The Finance Ministry said Monday that it would seek to cancel state subsidies of regional and local taxes on key infrastructure assets, including railroad tracks, trunk pipelines and power lines, starting in 2012.
The changes and other proposed amendments to the Tax Code will bring the budget an estimated 2.6 billion rubles ($85 million) per year, the ministry's press service told The Moscow Times.
Analysts said the move would help Finance Minister Alexei Kudrin narrow budget deficits forecast for the next several years by leaning on state-run companies such as Gazprom and Russian Railways.
The Finance Ministry's bill would gradually end subsidies of the regionally administered property tax and charge up to 1.1 percent on certain assets starting in 2012, it said in a statement. The changes will apply to railroad tracks, trunk pipelines and power lines as well as "technological components," the ministry said.
Federal highways will continue to be exempt from the property tax, which currently cannot exceed 2.2 percent for legal entities.
The bill follows President Dmitry Medvedev's suggestion in his June budget address "to optimize subsidies … and expand the tax autonomy of regional and local authorities," the ministry's press service told The Moscow Times.
The changes could raise costs for natural monopolies and, "as a result, increase tariffs for transportation of cargo and passengers using railroads, electric energy tariffs and wholesale price of natural gas," the press service said.
Alexei Sorokin, head of the Finance Ministry's tax department, told Interfax earlier Monday that the changes would be introduced gradually and that the tax could rise after 2012.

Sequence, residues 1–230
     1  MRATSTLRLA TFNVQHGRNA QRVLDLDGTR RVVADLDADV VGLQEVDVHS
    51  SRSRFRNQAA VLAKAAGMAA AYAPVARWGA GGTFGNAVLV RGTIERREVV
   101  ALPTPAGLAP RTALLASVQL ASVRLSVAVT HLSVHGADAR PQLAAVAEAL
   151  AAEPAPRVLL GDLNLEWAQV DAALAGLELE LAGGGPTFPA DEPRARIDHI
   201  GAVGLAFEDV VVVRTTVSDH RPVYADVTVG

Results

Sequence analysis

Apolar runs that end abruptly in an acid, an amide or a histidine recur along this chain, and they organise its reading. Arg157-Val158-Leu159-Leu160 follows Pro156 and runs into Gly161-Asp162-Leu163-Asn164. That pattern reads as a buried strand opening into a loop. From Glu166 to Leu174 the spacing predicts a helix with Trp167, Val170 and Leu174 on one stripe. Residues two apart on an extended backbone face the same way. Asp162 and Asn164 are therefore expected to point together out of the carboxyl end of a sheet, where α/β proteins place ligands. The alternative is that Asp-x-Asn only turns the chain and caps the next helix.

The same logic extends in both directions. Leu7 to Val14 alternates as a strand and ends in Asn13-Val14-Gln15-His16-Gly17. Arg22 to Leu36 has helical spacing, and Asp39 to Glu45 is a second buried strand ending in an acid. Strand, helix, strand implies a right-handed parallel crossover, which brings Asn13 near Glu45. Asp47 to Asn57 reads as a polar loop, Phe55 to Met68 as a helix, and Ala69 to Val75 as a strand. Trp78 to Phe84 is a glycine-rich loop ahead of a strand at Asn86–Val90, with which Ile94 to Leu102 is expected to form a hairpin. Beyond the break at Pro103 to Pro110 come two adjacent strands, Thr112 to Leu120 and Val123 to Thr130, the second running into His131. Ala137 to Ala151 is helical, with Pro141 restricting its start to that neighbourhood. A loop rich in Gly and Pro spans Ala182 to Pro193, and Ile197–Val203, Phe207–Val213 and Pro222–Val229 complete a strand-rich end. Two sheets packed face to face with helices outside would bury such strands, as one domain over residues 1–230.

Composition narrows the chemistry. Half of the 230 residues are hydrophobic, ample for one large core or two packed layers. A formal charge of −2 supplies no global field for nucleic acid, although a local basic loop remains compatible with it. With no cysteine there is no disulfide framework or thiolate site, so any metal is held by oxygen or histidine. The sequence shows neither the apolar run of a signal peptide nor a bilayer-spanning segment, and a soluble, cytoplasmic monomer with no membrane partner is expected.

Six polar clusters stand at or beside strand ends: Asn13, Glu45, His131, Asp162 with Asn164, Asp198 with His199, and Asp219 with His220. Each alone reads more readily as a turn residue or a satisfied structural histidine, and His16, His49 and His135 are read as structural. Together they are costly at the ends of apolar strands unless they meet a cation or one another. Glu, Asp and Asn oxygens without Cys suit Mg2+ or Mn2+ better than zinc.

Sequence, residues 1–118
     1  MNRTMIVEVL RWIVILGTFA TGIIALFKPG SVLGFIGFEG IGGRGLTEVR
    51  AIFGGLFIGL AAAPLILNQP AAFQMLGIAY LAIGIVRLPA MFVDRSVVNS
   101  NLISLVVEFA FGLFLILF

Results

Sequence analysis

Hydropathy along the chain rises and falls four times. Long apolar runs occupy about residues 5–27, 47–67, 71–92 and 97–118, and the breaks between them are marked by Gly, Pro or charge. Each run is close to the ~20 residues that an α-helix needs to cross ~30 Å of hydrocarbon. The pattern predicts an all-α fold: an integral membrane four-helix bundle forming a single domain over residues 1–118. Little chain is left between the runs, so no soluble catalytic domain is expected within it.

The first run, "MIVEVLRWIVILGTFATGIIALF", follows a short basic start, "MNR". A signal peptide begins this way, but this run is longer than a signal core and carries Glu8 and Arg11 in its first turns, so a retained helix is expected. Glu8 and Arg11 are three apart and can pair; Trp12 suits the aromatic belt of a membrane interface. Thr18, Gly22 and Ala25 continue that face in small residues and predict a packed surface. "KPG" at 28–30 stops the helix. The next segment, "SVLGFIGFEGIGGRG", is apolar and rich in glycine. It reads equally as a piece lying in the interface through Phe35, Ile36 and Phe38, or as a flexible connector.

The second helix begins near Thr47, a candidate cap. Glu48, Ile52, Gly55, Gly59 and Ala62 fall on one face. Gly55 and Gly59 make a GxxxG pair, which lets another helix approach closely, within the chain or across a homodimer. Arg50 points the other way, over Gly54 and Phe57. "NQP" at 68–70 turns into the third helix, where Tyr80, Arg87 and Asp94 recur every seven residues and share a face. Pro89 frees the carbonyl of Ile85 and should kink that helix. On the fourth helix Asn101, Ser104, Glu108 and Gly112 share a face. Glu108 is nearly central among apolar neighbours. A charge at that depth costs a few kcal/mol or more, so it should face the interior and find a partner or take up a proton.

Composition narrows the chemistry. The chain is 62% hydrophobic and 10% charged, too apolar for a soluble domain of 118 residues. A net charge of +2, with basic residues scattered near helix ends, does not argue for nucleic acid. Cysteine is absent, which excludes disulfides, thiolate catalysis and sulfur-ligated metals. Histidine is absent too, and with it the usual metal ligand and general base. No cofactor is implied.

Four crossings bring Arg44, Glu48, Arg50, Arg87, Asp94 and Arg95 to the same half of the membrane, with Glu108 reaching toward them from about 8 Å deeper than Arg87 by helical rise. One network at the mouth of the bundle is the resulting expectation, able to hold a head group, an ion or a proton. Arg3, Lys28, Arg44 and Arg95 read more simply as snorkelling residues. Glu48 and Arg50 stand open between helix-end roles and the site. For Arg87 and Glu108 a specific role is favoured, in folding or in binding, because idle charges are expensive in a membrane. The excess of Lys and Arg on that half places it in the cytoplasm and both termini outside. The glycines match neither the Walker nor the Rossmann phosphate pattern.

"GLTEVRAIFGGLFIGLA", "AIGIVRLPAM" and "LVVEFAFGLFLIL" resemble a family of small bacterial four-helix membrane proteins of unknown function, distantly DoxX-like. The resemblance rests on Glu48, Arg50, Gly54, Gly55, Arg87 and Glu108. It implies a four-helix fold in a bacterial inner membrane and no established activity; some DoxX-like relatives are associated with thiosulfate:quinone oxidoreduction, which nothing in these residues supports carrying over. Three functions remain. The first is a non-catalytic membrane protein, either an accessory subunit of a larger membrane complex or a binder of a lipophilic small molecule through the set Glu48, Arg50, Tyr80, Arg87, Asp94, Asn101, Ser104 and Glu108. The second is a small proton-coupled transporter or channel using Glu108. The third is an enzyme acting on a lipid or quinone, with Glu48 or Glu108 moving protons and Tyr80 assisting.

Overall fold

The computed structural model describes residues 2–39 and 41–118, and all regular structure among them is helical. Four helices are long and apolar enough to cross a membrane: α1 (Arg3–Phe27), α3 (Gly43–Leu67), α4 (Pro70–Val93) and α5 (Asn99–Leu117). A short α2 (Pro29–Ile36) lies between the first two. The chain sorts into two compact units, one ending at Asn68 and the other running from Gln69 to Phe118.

Last year, Russia had a budget deficit of 5.9 percent of gross domestic product, and it forecasts a 5.4 percent shortfall for 2010. The government has been considering higher taxes as well as a major privatization of stakes in 11 state-run companies to raise some $29 billion in 2011-13.
The Finance Ministry has repeatedly tried to raise taxes on the politically powerful oil and gas industry. Kudrin said in June that his "goal" was to get mineral extraction taxes on hydrocarbons up to 0.5 percent of GDP.
The property tax — applied to the value of the objects — marks a new approach to taxing Gazprom, which in July topped Fortune magazine's list of the world's most profitable companies.
The gas export monopoly boasts the world's longest network of trunk pipelines, stretching some 159,500 kilometers. Gazprom listed 3.3 trillion rubles ($108 billion) in transportation assets this year, but it does not break them down by type.
Trunk pipelines, however, would represent the majority of the assets. Applied to Gazprom's total transportation assets, the 1.1 percent tax would set the company back 36 billion rubles per year.
“The government is trying to patch up holes in the budget at the expense of the industries that have some reserve factor,” said Pavel Sorokin, a gas industry analyst at Alfa Bank.
"2012 is the election year. This is the year when it is planned to introduce an increase in mineral extraction tax for the oil sector and possibly a new, profit-oriented taxation regime for greenfield developments," said Karen Kostanian, head of Russia equity research at BofA Merrill Lynch.
"By that time, the state may need to find new ways to replenish the budget, and however small the increments may be, they will still be very helpful."